I've had a very basic soldering iron for years, and it served its purpose well enough. It was one of those "plug in and they go" type irons that lacked any settings, and its tip wasn't really replaceable either.
After I recently started installing new batteries with proper holders a while ago —I made a video of my first-time-in-many-years— I realized it might be a good time for me to get a new soldering iron, along with a few other useful bits. For example, I did not have any solder wick, so removing some of the (excessive) solder was quite challenging. What follows is a brief overview of what I got, in case others might be in similar situations and looking to find affordable options.
KSGER V2.1S T12 Soldering Station
This unit can be had for about ~$50 over on Banggood.com.
The KSGER T12 Soldering station is a very reasonably priced, often-recommended soldering iron that uses T12 tips. It's a great little unit that seems solidly built, and comes with some features often only found on fancier irons, like replaceable tips, replaceable handle, electronically controllable temperature, et cetera.
The controller part is solidly built out of what I think is aluminum, and has a nice infinitely rotating knob that can be pressed in as-well. You use this knob to navigate it's menus and perform tasks like adjusting the temperature.
On the back of the controller you'll find a common C14 power supply socket, the same one you'd find on a PC or similar device, so sourcing a cable for this will be no problem as the unit is not shipped with one. You'll also find the power switch, as-well as a user-replaceable fuse, especially useful for folk over in the UK, but generally just a nice feature to have in your devices.
With the unit comes one T12-K tip, which is a wide blade-like tip. You'll probably want to get several other tips, or go for a set as I did.
Extra soldering iron tips
These can be had for about ~$30 over on Banggood.com.
This package comes with 10 tips, including the same T12-K tip included with the soldering iron, so if you end up buying this set you'll end up with two of those. Still, it seems like a nice and varied set with all kinds of tips that seem useful for various situations. I can't speak too much about these as I have yet to use them all, but they seem of decent enough quality and are also very affordable.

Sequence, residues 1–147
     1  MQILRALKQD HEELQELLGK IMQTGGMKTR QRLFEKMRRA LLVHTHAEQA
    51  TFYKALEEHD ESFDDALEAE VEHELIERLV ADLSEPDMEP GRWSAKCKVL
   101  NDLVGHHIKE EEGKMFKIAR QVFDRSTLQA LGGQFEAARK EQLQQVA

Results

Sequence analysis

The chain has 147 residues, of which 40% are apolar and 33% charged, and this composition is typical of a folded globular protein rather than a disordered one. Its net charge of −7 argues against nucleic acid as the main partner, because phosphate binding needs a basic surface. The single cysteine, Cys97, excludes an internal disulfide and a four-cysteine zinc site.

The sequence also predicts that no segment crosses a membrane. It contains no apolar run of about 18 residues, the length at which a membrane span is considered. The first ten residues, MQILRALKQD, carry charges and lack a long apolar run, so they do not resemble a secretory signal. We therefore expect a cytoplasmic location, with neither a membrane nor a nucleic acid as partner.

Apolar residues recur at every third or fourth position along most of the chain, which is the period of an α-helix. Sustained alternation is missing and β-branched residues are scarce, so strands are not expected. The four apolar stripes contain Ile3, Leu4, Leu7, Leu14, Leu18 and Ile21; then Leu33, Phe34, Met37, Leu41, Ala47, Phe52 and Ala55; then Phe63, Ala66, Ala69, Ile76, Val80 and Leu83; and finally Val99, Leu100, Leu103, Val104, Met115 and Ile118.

Helping Hands (YP-001)
This can be had for about $23 on Banggood.com.
Another thing I was looking for was some helping hands to hold up the PCB I am working on, freeing my other hands for the actual soldering or cleaning. After some searching I found this one that seemed to be pretty flexible in how it can be set up and used, and offers four hands (or, protected alligator clips) which is great for keeping the PCB stable.
The alligator clips can be removed by loosening the screw you see above. I guess this might come in handy if you have other clips, like bigger plastic ones or so, but I am not sure what options are actually available that use this specific type of mount.
The base is quite heavy (the listing says it's about 400 grams) so it really won't move anywhere unless you want it to. It has four almost full-width slits in which you can mount the four arms. This design makes the base very flexible, as you can move the arms around wherever you like.
The only thing that might be considered a downside is that if you want to adjust where the arms are, you need to loosen them using the included Allen wrench.
Other assorted additions
The soldering iron stand I was using was also quite flimsy, so I had to pay a lot of attention the iron wouldn't drag itself and the stand off the table. Not very useful. So I looked around and also picked up a stand that looked heavy enough to not move around so much.
These are merely the items I chose to flesh out my soldering setup a tad, I am not trying to claim these are the very best choice. At least for the soldering iron it is quite highly recommended and solidly built, so for the price range it's a very good choice. Everything else listed here very much depends on your specific needs, on what kind of items you usually work with or on, et cetera. In my case I just needed something a bit better for performing basic maintenance tasks on my SNES and Super Famicom carts, and I am decidedly amateurish at best, so keep that in mind ;-).
I took the soldering iron for a quick spin today and, out of curiosity, tried using the T12-K that came with the iron. I must admit that I am not liking that tip very much for my specific needs, I think a sharper tip works better in my specific case, but that's the benefit of having swappable tips; you can pick the one that works best for the project at hand.
It's certainly nice to not have to wait for the iron to warm up, this thing gets up to temperature very quickly. I'm glad that I am finally able to adjust the temperature now too.
I replaced just one battery today to give this iron a quick try at least, and also cleaned the pins of course. The helping hands worked great, it was so much easier to work with the PCB with the hands holding it up, and they're easy to adjust too for getting to the part you're working on from different angles.
In case you're curious, the game in question was Hoshi no Kirby 3 (Kirby's Dream Land 3).